verb (used without object)
verb (used with object)
Origin of leak
Related Words for leakexposure, flow, crack, leakage, disclose, reveal, spill, divulge, ooze, slip, escape, discharge, trickle, loss, outgoing, puncture, fissure, expenditure, drop, drip
Examples from the Web for leak
Contemporary Examples of leak
Targeting pods can bulge out a bit, and leak out unwanted signals.Newest U.S. Stealth Fighter ‘10 Years Behind’ Older Jets
December 26, 2014
The leak suggests that Mr. Obama remains blind to the principal cause of his foreign policy woes.
They simply would not leak this shocking story about big lineup changes on their own accord.
At its core, the tale revealed by the leak of what may be more than a million classified documents is a complicated one.‘Citizenfour’ Is Mesmerizing (If You Don’t Mind the Omissions)
October 20, 2014
Local mechanics pitched in to help mend the craft, but weeks into setting off the repairs wore thin and the vessel sprung a leak.Victor Mooney’s Epic Adventure for His Dead Brother
October 19, 2014
Historical Examples of leak
It is well known that there is a leak in the Associated Press Office.
"There seems to be a leak in the plumbing somewhere on this floor," the man went on.The Film of Fear
If there is, a leak in the jar, the lamp will burn, and the jar must be discarded.The Automobile Storage Battery
O. A. Witte
The next morning they found the leak, and both smacks kept off Charleston.Tales of Fishes
If the ship springs a leak below the water line, the water rushes in.Common Science
Carleton W. Washburne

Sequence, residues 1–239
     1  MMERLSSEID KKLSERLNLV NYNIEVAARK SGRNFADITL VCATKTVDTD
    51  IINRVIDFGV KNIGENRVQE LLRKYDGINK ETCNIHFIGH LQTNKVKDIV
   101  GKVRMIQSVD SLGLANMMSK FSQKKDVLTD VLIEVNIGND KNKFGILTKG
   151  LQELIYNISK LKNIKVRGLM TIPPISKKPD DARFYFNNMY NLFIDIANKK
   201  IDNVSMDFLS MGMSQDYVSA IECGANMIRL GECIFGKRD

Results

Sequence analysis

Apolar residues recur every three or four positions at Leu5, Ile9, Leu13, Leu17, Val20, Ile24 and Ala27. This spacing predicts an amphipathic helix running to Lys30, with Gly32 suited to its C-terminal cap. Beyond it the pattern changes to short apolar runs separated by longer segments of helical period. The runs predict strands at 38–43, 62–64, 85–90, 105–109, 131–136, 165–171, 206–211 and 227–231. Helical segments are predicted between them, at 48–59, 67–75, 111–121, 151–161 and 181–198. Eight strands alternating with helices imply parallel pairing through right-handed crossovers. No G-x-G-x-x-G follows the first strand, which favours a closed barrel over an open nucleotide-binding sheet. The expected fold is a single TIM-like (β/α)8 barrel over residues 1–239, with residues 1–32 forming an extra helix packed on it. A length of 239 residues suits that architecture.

- a crack, hole, etc, that allows the accidental escape or entrance of fluid, light, etc
- such escaping or entering fluid, light, etc
Word Origin for leak
"to let water in or out" [Johnson], late 14c., from Middle Dutch leken "to drip, to leak," or from Old Norse leka, both of them related to Old English leccan "to moisten" (which did not survive into Middle English), all from Proto-Germanic *lek- "deficiency" (cf. Old High German lecchen "to become dry," German lechzen "to be parched with thirst"), from PIE root *leg- "to dribble, trickle." The figurative meaning "come to be known in spite of efforts at concealment" dates from at least 1832; transitive sense first recorded 1859. Related: Leaked; leaking.
late 15c., from leak (v.) or Old Norse cognate leki. Sense of "revelation of secret information" is from 1950. Meaning "act of urination" is attested from 1934 ("Tropic of Cancer"); but the verb meaning "to piss" is from 1590s: "Why, you will allow vs ne're a Iourden, and then we leake in your Chimney." ["I Hen. IV," II.i.22]